Nova Scotia by David OrkinNova Scotia by David Orkin

Nova Scotia

byDavid Orkin

Paperback | June 18, 2013

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Virtually surrounded by the sea, the ocean's salty waters pulse through Nova Scotia's historic veins. This new edition of Nova Scotia delves deeper than any other guide to reveal the best of this fascinating province both on and off the beaten track. It includes detailed sections on topics such as wildlife, history, culture, sights and cuisine covering the best B & Bs, wineries, beaches, remote villages and top spots to see moose and seals while cycling and walking. David Orkin lives in the province.
David Orkin is a freelance travel writer whose work appears regularly in leading publications such as The Independent, Wanderlust, Food & Travel and Conde Nast Traveller. Shortly after completing the first edition of Nova Scotia, David and his family moved to the province. David can now enjoy life in Nova Scotia year round as an "insid...
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Title:Nova ScotiaFormat:PaperbackDimensions:400 pages, 8.5 × 5.25 × 0.68 inPublished:June 18, 2013Publisher:Bradt Travel GuidesLanguage:English

The following ISBNs are associated with this title:

ISBN - 10:1841624543

ISBN - 13:9781841624549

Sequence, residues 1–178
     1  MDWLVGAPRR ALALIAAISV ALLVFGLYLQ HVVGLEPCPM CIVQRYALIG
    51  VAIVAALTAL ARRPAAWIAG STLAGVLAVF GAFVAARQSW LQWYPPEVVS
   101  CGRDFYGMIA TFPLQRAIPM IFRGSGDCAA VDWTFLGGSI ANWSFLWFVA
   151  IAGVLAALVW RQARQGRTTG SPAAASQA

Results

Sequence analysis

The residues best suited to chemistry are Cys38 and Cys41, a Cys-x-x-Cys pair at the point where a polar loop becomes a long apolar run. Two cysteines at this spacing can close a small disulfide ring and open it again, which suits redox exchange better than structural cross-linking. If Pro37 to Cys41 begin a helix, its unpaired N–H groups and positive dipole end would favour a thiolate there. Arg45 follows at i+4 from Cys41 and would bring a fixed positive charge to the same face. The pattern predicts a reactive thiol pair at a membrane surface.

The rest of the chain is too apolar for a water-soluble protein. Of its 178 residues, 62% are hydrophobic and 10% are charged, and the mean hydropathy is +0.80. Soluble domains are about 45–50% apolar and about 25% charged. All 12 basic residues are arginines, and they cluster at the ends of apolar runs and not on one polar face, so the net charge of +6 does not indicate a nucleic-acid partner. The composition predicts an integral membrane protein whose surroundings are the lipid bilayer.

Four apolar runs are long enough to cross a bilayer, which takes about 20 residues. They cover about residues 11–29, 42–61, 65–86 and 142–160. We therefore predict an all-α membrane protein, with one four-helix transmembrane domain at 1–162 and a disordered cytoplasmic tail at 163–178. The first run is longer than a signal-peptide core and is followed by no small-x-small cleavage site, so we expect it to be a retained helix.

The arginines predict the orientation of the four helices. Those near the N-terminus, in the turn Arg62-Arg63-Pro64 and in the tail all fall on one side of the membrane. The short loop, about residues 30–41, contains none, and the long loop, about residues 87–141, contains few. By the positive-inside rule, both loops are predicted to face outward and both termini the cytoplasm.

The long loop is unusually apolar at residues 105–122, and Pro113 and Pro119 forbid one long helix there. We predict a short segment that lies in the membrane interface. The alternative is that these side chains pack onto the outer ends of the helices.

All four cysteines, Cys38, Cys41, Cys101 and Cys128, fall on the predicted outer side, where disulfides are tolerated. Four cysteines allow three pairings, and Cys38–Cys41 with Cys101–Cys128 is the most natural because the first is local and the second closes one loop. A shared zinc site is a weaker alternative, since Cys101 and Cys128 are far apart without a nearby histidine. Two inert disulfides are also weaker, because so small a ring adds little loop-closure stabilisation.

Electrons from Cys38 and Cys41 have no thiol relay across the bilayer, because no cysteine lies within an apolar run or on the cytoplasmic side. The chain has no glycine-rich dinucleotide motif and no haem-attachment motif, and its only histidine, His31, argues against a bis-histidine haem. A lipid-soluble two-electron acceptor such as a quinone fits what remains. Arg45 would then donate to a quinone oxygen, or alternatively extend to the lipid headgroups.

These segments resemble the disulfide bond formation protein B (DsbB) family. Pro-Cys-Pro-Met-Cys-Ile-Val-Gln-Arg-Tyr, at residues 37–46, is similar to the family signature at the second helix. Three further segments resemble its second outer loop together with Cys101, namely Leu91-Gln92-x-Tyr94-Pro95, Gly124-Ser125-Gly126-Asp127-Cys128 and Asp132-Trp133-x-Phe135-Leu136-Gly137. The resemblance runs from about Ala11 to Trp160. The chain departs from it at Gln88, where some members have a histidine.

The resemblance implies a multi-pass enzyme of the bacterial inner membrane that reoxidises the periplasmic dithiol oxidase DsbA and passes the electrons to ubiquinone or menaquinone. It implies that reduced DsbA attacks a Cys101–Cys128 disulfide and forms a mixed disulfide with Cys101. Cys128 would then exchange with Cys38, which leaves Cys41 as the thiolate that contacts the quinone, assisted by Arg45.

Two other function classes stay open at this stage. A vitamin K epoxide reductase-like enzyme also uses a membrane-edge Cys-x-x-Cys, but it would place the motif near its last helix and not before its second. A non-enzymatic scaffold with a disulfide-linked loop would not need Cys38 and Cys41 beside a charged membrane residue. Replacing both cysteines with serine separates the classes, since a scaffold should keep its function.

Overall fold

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Reviews

Read from the Book

It is said that in the 1790s, Prince Edward, Duke of Kent (and father of QueenVictoria), was surprised embracing an attractive serving girl at the c1708 de Gannes-Cosby House at 477 George Street, now a private residence and the oldest documented wooden structure in Nova Scotia. Incidentally, the house is said to be haunted, but only by a quiet, well-mannered old lady who never bothers anyone.During the same visit the duke attended a ball held at what later became known as the Bailey House. In the 1830s, the house's owner, 'Marm' Bailey, was renowned for her 'moose muffle soup' (the muffle is the nose and the pendulous, overhangingupper lip of the moose). The Bailey House is now an elegant B&B (see above). Moose muffle soup is not on the breakfast menu.

Editorial Reviews

"Orkin makes a compelling case for Canada's second smallest province, where more Gaelic is spoken than in Scotland, and where you're as likely to spot a whale as a black bear. He punctuates generic guidebook information (history, geography, where to stay and what to do) with lively fact boxes on the region's quirky diversity, such as the history of the lobster-peg industry, or an account of the arrival, in 1899, of the province's first car...." Daily Telegraph "Whale-watching from Digby Neck, sea-kayaking off Tangier and driving the Cabot Trail: three of the thrills waiting in one of Canada's most accessible and fascinating provinces. David Orkin's inspirational guide ranges from the capital, Halifax, to St Paul Island and the "Graveyard of the Gulf" (of St Lawrence), where 350 ships have been wrecked: "When fishermen came to St Paul in spring, they would find the frozen bodies of shipwreck survivors who had managed to scale the island's cliffs only to perish from exposure and starvation". ........ " The Independent